Of course, Sarachan may have played it safe even if did have strikers on the bench to turn to. He's been accused of such boring tactics before. In this case, however, he'll get the benefit of the doubt.
Very late in the game, Gonzalo Segares botched what would have been a beautiful game-winner and that was that. It looked like an easy chance to finish, and Segares should have done so, but as I said, the draw was probably in the cards on this night.
Fire player ratings (On a scale of 1-10; 10 being Maradona circa 1986, 1 being Landon Donovan against the Czechs in 2006.)
Zach Thornton - 6. The absolutely ridiculous goal given up to DeRosario, obviously, affects Thornton's rating here. Had he been a newbie making his first appearance for the Fire and made a mistake that comically horrendous, he would have been sent packing immediately after the game. Of course, Thornton has built up years and years of love here in Chitown, so we can laugh about it now. Thornton did make a crucial save on a De Rosario breakaway late in the game.
Tony Sanneh - 7: Both Dynamo goals were borderline lucky and not really the fault of the Fire defense. One was a free kick following a foul by (I think) Armas in the midfield, the other was De Rosario's joke of a goal. Sanneh anchored a backline that was, for the most part, solid. He was also the most lively Fire player at the end. When others seemed content to settle for the tie, Sanneh pushed forward and almost set up Calen Carr with the winner in the dying seconds with a nifty pass. As a fan sitting behind me said at that point, "Sanneh wants to win." Exactly. He wanted the full three points and you have to love that.
Dasan Robinson - 5: Robinson committed some ugly giveaways in the second half, but his hard tackling and in-your-face style meant Dynamo had few productive offensive attacks on his side of the field. Also, on Segares' ugly miss late in the game, Robinson was right there to head in the winner had Segares not botched it. Robinson could have, should have, would have been the hero for the second game in a row.
C.J. Brown - 6: Opposite Robinson on the other side of the defense, Brown likewise didn't allow much action from Dynamo on his side of the field. Unfortunately, he had to leave the game at halftime with muscle spasms.
Justin Mapp - 6: On the offensive end, Mapp is settling into his role as an attacking, central midfielder nicely. He's comfortable with the ball on his foot and creates as many chances as anyone on the Fire. Also scored the first goal. However, he needs to step it up on defense. Big time. Get in someone's face. Pressure. Make the opponent work. Dynamo's second goal was the result of a horrible Mapp giveaway, and Mapp, instead of hustling to fix his mistake, stood and watched De Rosario unleash a shot that went in and put the Fire behind 2-1. That's pure laziness.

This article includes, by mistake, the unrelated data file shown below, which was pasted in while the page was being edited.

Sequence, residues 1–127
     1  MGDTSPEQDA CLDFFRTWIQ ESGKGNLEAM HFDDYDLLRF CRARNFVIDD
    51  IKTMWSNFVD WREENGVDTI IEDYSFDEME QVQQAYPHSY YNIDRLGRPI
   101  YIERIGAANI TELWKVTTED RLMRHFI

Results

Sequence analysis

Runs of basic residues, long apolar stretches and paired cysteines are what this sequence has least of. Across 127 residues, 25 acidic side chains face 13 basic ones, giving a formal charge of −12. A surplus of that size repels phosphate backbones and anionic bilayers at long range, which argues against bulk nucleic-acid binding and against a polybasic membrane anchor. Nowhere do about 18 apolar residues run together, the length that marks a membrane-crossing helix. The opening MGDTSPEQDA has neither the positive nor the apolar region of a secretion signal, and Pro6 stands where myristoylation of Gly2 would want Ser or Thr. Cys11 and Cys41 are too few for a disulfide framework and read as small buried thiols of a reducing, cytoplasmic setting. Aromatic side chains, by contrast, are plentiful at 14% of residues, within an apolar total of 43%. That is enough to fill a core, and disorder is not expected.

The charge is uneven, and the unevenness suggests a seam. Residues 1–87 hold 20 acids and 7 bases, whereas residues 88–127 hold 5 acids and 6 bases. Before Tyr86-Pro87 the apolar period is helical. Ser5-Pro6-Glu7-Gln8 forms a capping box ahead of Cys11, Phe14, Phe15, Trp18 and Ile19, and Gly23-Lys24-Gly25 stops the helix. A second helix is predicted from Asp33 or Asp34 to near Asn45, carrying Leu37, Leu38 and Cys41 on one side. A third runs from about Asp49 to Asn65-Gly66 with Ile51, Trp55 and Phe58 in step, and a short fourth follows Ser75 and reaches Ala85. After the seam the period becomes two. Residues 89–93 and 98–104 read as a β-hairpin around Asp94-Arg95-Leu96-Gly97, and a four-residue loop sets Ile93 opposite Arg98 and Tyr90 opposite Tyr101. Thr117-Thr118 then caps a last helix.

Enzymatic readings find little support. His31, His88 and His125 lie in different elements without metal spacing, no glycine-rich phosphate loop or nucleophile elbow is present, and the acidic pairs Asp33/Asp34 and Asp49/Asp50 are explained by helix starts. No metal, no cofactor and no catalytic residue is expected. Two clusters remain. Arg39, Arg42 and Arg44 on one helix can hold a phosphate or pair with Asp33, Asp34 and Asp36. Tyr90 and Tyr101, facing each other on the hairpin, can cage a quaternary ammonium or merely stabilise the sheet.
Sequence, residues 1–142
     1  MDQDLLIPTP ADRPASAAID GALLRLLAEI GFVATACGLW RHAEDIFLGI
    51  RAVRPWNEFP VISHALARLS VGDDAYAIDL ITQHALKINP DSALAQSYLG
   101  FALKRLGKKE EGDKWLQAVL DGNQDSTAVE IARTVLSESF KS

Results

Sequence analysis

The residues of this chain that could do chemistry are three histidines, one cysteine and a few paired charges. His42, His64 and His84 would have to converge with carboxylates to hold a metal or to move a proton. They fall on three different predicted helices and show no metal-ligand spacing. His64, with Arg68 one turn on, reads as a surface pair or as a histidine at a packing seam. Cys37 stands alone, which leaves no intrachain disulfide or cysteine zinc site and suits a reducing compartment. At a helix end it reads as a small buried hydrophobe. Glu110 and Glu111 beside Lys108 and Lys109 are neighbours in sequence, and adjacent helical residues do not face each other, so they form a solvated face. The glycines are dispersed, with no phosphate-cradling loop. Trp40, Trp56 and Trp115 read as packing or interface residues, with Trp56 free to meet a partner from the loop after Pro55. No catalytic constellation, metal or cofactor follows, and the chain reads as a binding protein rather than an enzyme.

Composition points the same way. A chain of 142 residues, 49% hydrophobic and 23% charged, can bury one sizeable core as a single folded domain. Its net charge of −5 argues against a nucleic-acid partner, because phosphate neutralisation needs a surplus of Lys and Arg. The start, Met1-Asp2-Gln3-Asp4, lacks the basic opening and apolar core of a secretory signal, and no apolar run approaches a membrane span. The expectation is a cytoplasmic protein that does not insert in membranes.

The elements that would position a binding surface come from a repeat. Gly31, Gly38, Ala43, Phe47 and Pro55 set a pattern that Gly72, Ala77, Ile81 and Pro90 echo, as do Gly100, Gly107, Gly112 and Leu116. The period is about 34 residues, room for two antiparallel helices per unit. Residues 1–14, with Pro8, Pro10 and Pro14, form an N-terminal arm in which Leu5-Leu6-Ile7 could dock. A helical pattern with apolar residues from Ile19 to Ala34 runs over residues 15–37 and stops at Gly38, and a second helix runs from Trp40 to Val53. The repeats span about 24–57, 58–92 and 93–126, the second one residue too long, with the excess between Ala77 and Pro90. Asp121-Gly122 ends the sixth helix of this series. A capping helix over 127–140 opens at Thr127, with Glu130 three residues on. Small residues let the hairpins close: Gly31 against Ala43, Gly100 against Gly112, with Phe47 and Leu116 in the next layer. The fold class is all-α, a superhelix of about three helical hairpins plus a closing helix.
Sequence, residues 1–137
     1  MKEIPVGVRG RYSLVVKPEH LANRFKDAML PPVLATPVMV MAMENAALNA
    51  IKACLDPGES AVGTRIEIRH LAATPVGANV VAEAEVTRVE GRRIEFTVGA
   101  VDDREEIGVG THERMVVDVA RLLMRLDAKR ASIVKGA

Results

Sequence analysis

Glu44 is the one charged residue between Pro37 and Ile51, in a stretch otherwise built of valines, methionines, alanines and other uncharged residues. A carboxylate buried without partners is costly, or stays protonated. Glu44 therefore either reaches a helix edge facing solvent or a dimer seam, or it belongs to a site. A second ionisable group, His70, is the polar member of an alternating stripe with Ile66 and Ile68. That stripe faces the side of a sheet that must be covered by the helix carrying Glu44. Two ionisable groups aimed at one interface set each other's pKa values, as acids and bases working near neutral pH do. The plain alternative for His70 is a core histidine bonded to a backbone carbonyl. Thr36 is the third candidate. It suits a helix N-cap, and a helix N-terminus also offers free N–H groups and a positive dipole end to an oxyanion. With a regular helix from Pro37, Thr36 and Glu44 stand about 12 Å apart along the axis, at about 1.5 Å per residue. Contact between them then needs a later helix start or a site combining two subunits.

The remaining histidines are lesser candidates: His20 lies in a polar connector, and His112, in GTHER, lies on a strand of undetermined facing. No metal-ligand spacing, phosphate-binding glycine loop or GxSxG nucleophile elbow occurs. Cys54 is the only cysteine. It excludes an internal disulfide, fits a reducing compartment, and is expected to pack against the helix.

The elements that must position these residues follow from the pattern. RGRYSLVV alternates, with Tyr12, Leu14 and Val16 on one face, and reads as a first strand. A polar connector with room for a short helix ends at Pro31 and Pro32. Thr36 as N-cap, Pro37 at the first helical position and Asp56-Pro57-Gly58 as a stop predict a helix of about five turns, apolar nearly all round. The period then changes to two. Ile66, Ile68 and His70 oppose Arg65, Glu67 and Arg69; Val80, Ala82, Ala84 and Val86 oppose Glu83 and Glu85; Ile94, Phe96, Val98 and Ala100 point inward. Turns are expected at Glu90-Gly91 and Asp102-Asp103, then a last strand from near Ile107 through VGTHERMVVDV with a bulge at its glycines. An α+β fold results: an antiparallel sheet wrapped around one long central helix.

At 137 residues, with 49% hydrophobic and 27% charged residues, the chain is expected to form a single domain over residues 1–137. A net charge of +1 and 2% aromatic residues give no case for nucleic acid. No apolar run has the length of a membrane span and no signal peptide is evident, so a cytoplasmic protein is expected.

Diego Gutierrez - 5: Gutierrez was largely unseen. He committed no clear mistakes, but also created little. Steady but unspectacular until being subbed out.
Chris Armas - 6: The Captain was his usual self, trying to force his way through Dynamo's defense with pure force if need be. He committed some giveways in midfield, but unlike Mapp, is a whirlwind on defense, never giving an opponent an inch. Mapp should watch and learn from Armas' intensity.
Nate Jaqua - 3: Jaqua is horribly out of position on the right side of midfield. At times he seems to drift completely out of the game. With his size, he needs to be up top and in the opponent's box attempting to cause damage with his head.
Ivan Guerrero - 5: For a guy who hangs out so far on the left wing and who possesses a deadly left foot, Guerrero's ability to cross is lacking. To be useful, he needs to get some crosses from the left side into the opponent's box that may lead to something. Not enough creativity coming from his side of the field. Overall, though, he wasn't bad and much better than Jaqua on the opposite side of the field.
Calen Carr - 6: As has been the case lately, Carr was involved and active. This is a good thing. However, he spends a lot of time on the ground. It's hard to tell if that's the result of him being so skinny, or if he's intentionally trying to earn free kicks after drawing penalty kicks in each of the previous two games. Midway through the second half, Carr made a splendid run right down the center of the Dynamo defense and set up Andy Herron for what should have been a goal before Herron botched it. The kid in the headband is improving.
Andy Herron - 5: Herron needs to be more involved. Plain and simple. He can look dangerous with the ball, and has found the net recently, but he didn't have nearly enough touches in this game. He also has a tendency to take an opponent one-on-one and lose the ball. It happens too often for my liking. He also needs to be more active in tracking back on defense and pressuring the opponent. Much too often the Dynamo's defenders were allowed to start their attack without Herron getting in their face. Herron did score the late equalizer via a penalty kick, but needs to find more chances in the flow of play.
Gonzalo Segares - 6: Came on for the injured Brown at halftime and looked very steady on the left side of defense, both in making his side of the field airtight and coming forward in support of the attack. A real bright spot, actually. His left foot is dangerous and I wouldn't mind seeing him move up to the left side of midfield and pushing Guerrero for his spot.
Thiago - 5: Wasn't on nearly long enough to settle into the game and make an impact. If healthy, he should probably replace Jaqua in the midfield as a starter.
Brian Plotkin - 5: Like Thiago, didn't receive a long enough run to make an impact.